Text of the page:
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Posted on: October 1, 2020

Drinking Water Tests Detect No PFAS Contaminants

On September 27, 2019, Ohio Governor Mike DeWine directed Ohio EPA and Ohio Department of Health (ODH) to analyze the prevalence of per- and polyfluoroalkyl substances (PFAS) in Ohio’s drinking water. Ohio’s Statewide PFAS Action Plan for Drinking Water calls for Ohio EPA to gather data from public water systems statewide to determine if PFAS are present in drinking water. Under this plan, the City of Sidney’s water system was sampled at several locations for six individual PFAS contaminants: PFOA, PFOS, GenX, PFBS, PFHxS, and PFNA. No PFAS contaminants were detected in samples collected from Sidney’s public water system. All results were below the detectable testing limit.

Per- and polyfluoroalkyl substances (PFAS) are a group of man-made chemicals applied to many consumer goods to make them waterproof, stain resistant, or nonstick. PFAS are also used in products like cosmetics, fast food packaging, and a type of firefighting foam called aqueous film forming foam (AFFF) which are used mainly on large spills of flammable liquids, such as jet fuel.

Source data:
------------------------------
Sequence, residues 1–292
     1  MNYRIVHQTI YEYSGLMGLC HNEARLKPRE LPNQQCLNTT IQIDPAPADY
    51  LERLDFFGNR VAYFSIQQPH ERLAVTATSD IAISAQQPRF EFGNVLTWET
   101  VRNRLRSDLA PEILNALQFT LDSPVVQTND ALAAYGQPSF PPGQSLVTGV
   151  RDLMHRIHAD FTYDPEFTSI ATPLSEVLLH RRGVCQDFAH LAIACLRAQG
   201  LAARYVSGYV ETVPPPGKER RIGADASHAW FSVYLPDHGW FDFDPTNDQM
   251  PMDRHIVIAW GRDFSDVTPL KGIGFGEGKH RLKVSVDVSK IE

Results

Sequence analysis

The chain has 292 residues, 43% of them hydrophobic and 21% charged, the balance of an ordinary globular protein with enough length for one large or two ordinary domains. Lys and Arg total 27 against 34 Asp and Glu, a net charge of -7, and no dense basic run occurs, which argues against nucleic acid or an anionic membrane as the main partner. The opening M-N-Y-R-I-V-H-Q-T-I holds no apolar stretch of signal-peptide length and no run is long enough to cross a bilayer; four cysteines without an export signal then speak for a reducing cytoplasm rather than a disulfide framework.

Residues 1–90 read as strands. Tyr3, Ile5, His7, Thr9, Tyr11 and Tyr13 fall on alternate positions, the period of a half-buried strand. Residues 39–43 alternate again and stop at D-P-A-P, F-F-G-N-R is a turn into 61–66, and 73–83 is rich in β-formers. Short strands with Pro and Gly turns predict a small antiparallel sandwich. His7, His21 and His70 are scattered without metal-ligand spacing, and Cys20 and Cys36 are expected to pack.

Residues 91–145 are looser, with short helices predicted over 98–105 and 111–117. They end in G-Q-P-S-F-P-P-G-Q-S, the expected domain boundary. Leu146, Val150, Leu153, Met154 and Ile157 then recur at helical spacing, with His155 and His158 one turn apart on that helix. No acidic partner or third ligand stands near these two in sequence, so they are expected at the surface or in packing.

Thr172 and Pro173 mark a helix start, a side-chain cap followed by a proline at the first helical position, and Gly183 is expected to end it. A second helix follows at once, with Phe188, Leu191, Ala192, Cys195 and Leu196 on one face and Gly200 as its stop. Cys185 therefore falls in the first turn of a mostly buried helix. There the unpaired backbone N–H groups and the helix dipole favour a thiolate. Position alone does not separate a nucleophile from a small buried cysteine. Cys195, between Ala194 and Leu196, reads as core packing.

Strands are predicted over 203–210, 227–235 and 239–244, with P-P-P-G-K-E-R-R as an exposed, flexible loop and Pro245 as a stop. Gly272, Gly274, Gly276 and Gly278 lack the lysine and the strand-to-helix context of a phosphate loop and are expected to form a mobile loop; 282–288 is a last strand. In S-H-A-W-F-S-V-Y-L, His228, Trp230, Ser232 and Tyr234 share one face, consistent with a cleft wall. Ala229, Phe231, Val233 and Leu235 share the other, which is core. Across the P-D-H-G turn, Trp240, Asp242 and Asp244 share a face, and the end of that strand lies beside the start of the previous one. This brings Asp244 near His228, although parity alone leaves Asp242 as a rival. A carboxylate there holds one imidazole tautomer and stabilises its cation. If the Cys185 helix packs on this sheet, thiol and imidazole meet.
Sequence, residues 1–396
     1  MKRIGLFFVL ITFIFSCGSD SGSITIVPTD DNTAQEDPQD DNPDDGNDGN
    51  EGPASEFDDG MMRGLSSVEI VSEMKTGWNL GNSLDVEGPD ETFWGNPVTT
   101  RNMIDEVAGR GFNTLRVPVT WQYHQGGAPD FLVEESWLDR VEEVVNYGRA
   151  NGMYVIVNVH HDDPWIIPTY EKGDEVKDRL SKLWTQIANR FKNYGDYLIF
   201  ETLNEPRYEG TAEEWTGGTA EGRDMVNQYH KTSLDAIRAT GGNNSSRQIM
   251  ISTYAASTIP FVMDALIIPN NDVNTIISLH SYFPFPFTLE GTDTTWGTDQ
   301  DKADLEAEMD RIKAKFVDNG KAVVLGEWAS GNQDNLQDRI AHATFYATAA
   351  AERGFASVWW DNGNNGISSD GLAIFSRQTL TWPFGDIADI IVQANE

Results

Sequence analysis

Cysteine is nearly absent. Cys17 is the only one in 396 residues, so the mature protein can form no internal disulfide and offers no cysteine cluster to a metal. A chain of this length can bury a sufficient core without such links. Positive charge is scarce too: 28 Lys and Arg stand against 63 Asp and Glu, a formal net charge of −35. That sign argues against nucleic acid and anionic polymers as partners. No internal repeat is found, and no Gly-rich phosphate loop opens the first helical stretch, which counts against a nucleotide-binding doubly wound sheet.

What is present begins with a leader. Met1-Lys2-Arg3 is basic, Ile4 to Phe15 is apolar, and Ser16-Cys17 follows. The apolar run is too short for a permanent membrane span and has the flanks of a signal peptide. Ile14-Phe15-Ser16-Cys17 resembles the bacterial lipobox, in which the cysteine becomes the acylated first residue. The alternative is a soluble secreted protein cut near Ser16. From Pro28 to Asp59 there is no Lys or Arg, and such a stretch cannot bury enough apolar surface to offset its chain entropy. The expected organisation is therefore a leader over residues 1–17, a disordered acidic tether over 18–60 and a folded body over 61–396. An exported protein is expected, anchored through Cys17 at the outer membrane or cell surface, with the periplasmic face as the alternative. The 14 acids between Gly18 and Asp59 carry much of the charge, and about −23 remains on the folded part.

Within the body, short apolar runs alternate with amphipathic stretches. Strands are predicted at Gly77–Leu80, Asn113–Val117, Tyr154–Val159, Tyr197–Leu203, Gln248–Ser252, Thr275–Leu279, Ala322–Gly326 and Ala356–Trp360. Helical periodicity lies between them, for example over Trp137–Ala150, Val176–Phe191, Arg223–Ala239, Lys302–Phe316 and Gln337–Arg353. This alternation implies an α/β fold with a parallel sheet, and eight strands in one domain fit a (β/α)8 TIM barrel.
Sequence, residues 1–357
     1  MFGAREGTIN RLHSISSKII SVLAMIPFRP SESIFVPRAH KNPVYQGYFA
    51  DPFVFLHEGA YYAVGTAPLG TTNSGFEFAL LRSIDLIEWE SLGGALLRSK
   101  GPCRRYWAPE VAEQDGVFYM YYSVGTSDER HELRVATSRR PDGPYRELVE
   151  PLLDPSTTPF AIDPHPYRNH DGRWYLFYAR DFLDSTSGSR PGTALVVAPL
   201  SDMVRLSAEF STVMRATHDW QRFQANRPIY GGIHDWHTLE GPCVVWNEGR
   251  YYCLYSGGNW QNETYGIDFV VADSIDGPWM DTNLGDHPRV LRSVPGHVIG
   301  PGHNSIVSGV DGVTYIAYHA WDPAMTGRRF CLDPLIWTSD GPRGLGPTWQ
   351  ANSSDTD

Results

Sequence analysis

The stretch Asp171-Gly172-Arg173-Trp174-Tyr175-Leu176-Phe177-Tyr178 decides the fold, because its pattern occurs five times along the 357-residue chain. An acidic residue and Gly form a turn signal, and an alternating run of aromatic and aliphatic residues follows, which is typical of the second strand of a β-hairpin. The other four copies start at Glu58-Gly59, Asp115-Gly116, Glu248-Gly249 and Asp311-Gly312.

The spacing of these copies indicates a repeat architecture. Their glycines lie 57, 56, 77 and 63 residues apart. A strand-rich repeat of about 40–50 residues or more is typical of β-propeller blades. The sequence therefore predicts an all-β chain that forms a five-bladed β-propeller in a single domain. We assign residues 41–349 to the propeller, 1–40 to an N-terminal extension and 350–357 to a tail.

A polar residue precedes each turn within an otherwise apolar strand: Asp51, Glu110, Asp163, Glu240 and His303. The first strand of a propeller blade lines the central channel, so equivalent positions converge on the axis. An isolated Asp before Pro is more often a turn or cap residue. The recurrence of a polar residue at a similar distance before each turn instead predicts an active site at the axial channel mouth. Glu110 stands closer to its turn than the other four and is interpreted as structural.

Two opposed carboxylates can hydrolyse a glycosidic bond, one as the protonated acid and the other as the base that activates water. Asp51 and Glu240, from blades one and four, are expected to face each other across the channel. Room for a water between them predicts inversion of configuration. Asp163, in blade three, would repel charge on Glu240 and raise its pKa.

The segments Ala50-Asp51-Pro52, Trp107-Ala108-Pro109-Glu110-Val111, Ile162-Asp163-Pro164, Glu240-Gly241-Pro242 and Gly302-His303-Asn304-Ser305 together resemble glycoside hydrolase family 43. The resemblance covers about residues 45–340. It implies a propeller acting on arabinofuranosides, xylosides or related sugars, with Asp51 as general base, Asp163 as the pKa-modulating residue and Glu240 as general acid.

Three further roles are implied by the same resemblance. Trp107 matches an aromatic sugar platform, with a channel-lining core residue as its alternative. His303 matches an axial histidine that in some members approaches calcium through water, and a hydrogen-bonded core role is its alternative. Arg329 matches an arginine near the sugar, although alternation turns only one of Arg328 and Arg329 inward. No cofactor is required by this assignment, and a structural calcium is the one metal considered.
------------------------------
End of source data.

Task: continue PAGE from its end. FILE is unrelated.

PFAS are classified as contaminants of emerging concern, meaning that research into the harm they may cause to human health is still ongoing. The most commonly studied PFAS are perfuorooctanoic acid (PFOA), perfluorooctane sulfonic acid (PFOS), perfluorohexane sulfonic acid (PFHxS), and perfluorononanoic acid (PFNA).

For more information on PFAS, including the health effects of PFAS, PFAS in drinking water, water testing and treatment, and other PFAS activities in Ohio, visit the Ohio PFAS webpage: For more information on PFAS and your health, contact the ODH Health Assessment Section at or at (614) 728-9452.

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